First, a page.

Jurisprudence : l’impôt et la fabrication de documents font un mélange explosif

By Robert Robillard - 11 May 2016

On connaît tous le pêcheur dont les petits poissons ont le don de se transformer en espadons, le temps d’une histoire…

Dans Dicosmo v. The Queen, 2015 TCC 325 (CanLII), disponible ici en anglais uniquement, le demandeur, un particulier, se voit refuser certaines dépenses d’entreprise au motif que celles-ci n’ont pas servi à générer un revenu d’entreprise.

Dans cette affaire, le demandeur soutient sa version des faits principalement par un exposé oral, plutôt que des pièces justificatives.

Plus surprenant, le demandeur produit à la Cour une pièce documentaire, en apparence falsifiée, pour soutenir ses dires!

La cour explique en anglais :

“[21] I would also comment that a document that was introduced into evidence by Mr. DiCosmo as the invoice supporting the representation fee paid to Jones and Associates was later admitted by Mr. Jones to be an “incorrect” invoice after a different invoice with the same date was introduced by the Crown on cross-examination.

[22] Mr. Jones suggested in his testimony that the document originally introduced was an administrative error. Although this is possible, it seems highly unlikely. It is more likely that the “incorrect” document was fabricated to support the tax deduction.

[23] There are two reasons for this conclusion. First, the document which is admitted to be incorrect purports to be an invoice for investment advice, and accordingly appears to be an attempt to support the deduction claimed in the tax return for a representation fee. The document that Mr. DiCosmo submits is the true invoice is for general tax services. I do not believe that this is an administrative error, as suggested by Mr. Jones. The incorrect invoice appears to have been created to mislead as to the nature of the services provided. In addition, it appears that the incorrect document was prepared subsequently because the total amount in both invoices is the same except that the incorrect document adds GST to an already GST-included total in the actual invoice. In other words, it appears that the incorrect document was prepared subsequently based on the amount owing in the actual invoice. The circumstances strongly suggest that the incorrect document was intended to mislead.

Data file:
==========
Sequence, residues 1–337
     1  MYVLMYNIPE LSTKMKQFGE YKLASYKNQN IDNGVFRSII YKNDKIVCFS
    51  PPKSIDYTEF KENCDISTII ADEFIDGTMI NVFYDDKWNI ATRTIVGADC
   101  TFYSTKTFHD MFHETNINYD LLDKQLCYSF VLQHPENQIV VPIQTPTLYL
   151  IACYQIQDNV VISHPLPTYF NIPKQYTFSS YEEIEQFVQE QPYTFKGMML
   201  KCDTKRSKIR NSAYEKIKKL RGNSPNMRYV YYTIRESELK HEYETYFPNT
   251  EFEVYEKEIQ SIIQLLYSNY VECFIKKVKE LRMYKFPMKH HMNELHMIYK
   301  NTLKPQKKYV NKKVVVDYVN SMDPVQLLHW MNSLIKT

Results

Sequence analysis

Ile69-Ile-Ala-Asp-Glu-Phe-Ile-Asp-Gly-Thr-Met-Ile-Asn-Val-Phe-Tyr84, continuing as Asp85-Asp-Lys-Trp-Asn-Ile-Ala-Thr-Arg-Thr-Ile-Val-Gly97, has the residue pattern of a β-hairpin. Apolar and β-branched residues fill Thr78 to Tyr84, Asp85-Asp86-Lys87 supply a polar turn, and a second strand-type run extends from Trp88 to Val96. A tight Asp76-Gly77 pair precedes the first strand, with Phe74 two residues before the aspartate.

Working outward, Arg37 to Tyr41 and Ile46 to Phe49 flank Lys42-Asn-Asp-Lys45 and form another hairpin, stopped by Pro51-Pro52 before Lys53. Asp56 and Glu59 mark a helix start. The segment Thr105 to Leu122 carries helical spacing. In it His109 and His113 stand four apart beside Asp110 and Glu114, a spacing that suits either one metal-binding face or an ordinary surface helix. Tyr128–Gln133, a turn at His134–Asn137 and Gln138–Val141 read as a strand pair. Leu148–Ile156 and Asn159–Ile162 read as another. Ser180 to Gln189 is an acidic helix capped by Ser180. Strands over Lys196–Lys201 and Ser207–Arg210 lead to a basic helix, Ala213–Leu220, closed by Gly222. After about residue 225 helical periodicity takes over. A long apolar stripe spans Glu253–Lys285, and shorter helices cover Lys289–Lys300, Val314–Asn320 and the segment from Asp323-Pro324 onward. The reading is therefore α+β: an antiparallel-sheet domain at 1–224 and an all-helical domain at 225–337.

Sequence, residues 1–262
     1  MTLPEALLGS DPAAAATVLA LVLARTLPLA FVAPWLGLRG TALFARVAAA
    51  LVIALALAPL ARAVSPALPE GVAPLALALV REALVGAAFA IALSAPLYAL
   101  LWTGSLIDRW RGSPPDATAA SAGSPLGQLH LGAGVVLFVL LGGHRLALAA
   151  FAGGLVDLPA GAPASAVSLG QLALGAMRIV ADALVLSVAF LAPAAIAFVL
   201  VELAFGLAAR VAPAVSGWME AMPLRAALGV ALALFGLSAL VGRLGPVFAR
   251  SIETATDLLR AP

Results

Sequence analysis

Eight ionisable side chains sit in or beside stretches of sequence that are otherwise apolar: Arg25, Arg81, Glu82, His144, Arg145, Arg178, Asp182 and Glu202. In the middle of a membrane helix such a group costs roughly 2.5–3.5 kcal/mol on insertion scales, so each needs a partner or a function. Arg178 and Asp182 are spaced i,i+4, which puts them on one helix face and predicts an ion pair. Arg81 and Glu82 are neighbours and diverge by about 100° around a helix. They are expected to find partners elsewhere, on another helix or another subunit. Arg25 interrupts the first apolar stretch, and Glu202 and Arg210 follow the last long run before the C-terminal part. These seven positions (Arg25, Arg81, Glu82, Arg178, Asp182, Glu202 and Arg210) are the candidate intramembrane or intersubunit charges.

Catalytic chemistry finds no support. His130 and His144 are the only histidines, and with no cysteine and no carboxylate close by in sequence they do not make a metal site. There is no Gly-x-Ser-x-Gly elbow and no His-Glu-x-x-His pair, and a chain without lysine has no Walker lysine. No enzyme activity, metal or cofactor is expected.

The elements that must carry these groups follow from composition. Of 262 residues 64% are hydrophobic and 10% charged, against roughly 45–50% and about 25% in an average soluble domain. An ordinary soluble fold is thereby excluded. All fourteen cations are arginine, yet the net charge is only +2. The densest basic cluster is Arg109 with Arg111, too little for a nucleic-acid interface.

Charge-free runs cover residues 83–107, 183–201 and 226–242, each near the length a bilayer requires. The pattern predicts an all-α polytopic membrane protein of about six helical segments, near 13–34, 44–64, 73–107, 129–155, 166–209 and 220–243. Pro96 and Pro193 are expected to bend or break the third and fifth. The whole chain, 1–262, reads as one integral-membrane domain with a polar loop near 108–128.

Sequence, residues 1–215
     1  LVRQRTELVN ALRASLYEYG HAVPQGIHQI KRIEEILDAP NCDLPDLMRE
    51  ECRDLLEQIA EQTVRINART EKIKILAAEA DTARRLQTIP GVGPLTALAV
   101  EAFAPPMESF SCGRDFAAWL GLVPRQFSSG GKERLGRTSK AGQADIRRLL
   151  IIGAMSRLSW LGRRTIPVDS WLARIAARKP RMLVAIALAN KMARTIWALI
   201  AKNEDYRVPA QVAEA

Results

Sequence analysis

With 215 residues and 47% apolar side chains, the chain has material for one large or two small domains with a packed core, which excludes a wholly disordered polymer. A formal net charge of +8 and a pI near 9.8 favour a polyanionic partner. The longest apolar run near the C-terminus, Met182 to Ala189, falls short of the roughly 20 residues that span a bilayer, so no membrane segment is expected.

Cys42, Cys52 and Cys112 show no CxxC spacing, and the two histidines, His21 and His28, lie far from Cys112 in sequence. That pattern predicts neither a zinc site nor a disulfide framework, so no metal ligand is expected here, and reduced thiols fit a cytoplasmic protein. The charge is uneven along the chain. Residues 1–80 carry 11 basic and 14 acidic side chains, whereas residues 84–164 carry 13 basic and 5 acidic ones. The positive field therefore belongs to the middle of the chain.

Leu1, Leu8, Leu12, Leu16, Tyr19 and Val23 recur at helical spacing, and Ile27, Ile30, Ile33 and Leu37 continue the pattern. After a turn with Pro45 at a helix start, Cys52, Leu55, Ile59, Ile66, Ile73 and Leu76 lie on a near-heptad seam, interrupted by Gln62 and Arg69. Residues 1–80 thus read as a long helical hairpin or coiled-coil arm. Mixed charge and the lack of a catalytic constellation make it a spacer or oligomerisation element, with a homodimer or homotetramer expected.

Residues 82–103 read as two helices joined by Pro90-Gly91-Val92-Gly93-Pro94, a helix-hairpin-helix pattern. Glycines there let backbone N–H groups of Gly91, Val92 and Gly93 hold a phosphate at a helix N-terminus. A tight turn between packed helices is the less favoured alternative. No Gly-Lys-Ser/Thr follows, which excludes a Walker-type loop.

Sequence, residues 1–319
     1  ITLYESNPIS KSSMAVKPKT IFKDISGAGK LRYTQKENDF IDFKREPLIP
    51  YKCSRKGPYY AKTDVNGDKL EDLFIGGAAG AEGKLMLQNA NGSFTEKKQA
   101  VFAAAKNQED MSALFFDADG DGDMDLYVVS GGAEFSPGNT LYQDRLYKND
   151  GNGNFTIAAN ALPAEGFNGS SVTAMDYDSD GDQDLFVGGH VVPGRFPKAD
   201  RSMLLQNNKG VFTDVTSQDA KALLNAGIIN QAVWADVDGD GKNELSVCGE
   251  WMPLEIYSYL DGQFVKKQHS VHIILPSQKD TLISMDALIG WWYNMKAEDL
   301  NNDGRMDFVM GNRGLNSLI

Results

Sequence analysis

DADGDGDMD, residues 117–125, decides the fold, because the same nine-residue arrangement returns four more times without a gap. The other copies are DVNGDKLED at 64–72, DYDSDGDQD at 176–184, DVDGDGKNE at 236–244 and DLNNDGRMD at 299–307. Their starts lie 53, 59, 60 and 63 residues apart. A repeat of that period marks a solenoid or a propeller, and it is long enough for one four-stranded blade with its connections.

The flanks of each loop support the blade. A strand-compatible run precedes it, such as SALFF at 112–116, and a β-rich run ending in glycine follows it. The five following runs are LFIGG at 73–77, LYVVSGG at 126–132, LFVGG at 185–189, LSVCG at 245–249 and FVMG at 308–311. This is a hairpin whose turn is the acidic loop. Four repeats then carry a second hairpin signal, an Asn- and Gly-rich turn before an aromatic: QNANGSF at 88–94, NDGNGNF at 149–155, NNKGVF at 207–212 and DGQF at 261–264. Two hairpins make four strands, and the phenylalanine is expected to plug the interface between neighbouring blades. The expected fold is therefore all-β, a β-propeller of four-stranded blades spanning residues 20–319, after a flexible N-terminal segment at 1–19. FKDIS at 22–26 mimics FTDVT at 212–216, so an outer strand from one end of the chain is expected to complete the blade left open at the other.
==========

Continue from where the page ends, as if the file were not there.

[24] The introduction into evidence of what appears to be a false document does not assist Mr. DiCosmo in this appeal because his appeal relies to a great extent on the reliability of his own testimony and that of Mr. Jones.”

Cette possible fausse pièce documentaire n’est pas formellement réprimandée par la Cour.

Mais c’est évidemment une stratégie à proscrire en vérification fiscale et tout autant en Cour canadienne de l’impôt!

 

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